Bakery Industries were listed under necessities during the lockdown. They were allowed to run shops and were crucial to the general public when bread became a rarely available product. The customers had to be early birds to stock up their bread for weeks.
In this situation, neither the customers nor the bakery manufactures had it easy. The manufacturer had to fight for raw material procurement to get laborers to work. Their challenges kept adding on day by day until the market opened completely. Even then, the issues they had to face did not stop.
“Even if we could run shops from 6am to 1pm, during Covid, we did not know which particular one to do. We were running from place to place to get the raw materials, get the staff to the workplace, provide them food and send them back safely. We had a responsibility to ensure there was enough stock,” said Subramani, Secretary of Tamil Nadu Baker Association.
Subramani is also the president of the Chennai Bakers Association and runs his own bread manufacturing company in Chennai, Spencers bread. He added that Even if they had the license to run shops; it was difficult for them to move around in the city. The manufactures had to buy the raw materials using their own means of transport, at times they had to go to the warehouse themselves. Added to this, they were stopped by the police constantly.
He also pointed out that many shops in Chennai have closed their doors ever since the lockdown. “Ironically, now no one wants to buy the machinery from the companies who are shutting shops,” said Subramani.. This has become the situation in which the bakery association that was growing pre-covid has caught itself into. Even post-lockdown, it suffers from more issues, the most prominent one, a rise in fuel price. With the fuel prices touching new heights every day, the industry that depends on machinery to produce bulk orders is stuck between a situation of whether to raise their prices or reduce their profit margins. “During the lockdown, we had to sacrifice our profit margins and post-lockdown. We have to make a choice on whether to lose it again,” added Subramani.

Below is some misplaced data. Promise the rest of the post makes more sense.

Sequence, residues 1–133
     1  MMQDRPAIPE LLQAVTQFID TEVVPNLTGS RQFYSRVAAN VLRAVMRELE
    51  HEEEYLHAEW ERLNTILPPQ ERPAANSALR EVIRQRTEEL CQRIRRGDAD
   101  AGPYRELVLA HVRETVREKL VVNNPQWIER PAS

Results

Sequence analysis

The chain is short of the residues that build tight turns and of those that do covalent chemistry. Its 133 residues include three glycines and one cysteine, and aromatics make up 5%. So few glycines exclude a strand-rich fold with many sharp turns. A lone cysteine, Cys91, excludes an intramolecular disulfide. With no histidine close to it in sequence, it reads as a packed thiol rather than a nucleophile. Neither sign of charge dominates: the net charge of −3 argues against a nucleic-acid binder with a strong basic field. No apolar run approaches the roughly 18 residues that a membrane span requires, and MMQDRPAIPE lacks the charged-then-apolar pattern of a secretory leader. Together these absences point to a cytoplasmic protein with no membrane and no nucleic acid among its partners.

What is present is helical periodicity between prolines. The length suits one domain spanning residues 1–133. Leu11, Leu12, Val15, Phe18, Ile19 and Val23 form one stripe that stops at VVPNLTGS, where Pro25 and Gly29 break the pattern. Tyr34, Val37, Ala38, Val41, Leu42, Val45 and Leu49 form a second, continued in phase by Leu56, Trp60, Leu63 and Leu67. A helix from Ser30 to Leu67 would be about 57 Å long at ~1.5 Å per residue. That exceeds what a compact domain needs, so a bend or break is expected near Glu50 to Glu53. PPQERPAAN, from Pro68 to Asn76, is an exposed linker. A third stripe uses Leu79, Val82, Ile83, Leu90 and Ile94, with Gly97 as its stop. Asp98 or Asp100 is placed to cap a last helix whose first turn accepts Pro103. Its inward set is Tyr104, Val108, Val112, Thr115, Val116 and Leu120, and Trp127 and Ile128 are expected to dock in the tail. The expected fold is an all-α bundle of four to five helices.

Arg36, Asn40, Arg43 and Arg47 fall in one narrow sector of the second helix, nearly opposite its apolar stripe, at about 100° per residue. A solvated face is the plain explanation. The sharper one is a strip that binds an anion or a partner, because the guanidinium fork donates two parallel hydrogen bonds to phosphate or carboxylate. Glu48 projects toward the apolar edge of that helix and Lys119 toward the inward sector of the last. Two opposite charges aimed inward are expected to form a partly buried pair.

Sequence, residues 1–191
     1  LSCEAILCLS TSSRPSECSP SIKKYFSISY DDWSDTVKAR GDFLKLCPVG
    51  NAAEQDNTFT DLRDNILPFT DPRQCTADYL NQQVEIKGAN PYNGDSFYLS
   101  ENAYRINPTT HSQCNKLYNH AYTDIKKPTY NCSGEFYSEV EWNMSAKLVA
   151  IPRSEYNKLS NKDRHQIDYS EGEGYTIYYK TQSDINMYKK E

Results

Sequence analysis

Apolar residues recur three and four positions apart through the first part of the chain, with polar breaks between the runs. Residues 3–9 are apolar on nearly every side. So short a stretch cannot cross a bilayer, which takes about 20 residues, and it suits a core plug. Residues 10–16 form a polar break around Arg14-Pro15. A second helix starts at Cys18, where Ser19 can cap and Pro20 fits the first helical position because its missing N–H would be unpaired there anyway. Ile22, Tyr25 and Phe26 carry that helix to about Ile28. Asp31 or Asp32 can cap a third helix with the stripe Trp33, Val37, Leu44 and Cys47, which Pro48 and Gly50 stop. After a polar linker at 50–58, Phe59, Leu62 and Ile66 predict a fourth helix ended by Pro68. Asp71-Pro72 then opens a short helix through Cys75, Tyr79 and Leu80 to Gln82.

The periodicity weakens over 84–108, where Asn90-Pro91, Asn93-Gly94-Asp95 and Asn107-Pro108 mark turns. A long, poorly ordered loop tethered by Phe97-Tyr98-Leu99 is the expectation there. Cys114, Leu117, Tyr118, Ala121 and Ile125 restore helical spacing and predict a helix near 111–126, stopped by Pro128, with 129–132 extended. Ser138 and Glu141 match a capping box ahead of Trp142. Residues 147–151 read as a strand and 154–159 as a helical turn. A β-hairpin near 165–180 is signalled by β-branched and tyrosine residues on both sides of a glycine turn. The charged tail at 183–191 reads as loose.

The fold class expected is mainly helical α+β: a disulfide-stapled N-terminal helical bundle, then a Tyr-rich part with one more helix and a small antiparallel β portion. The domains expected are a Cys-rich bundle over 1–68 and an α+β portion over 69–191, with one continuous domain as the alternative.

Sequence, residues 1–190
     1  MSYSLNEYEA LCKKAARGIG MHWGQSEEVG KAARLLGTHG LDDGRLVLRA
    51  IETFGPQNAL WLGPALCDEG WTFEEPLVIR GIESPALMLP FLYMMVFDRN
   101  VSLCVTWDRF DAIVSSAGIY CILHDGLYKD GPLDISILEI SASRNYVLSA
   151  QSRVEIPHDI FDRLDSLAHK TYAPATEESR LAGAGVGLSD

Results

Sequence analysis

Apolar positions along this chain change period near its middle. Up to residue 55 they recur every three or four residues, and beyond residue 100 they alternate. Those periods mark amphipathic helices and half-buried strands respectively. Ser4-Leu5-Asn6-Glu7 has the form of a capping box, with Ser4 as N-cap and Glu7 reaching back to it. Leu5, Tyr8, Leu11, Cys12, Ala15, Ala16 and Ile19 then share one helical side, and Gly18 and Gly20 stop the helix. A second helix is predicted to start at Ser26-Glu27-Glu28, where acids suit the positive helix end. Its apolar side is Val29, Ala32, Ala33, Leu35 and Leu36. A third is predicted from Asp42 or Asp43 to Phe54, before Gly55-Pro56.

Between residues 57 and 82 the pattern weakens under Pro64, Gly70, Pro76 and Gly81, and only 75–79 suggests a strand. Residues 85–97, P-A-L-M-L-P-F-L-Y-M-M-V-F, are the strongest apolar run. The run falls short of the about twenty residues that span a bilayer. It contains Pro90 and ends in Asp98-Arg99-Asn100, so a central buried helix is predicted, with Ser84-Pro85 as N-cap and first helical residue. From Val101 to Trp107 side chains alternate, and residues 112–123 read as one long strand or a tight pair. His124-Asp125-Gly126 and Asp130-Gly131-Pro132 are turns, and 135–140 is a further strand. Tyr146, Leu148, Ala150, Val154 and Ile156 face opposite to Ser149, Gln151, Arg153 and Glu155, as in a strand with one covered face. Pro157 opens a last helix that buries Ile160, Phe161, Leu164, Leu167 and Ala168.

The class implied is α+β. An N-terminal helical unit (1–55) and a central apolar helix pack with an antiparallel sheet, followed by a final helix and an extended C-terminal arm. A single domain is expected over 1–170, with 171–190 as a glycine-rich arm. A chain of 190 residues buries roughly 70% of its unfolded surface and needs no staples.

This is where the Home bakers are gaining an advantage. Even if their products are charged higher, they do not rely on fuel prices, said Subramani. They do not come under the GST purview either. “There is no level playing field in the matter of GST. The hotel has a GST of 5 percent where we have 18 percent. We have taken this matter up with the Finance Minister and she has promised to look into it,” said Subramani.Even after the lockdown has been removed, the business has not been doing well for a lot of bakeries. These bakeries majorly rely on schools, colleges, and seasonal sales which are still down. There is also a shortage of Skilled laborers in the industry. The owners train their staff with their experience and knowledge.
“In the future, there is a huge growth for the industry. Food is a necessity and people want to taste new things. I have seen how the industry has developed in my 30 years experience. If only we get fair competition in GST, subsidized maida, which is now only available to centralized shops and skilled labor issues are sorted out, the industry would not stay stagnated,” said Subramani. The association has also been holding various expos, renewing their monthly journals. They are also looking to collaborate with the Home Bakers.
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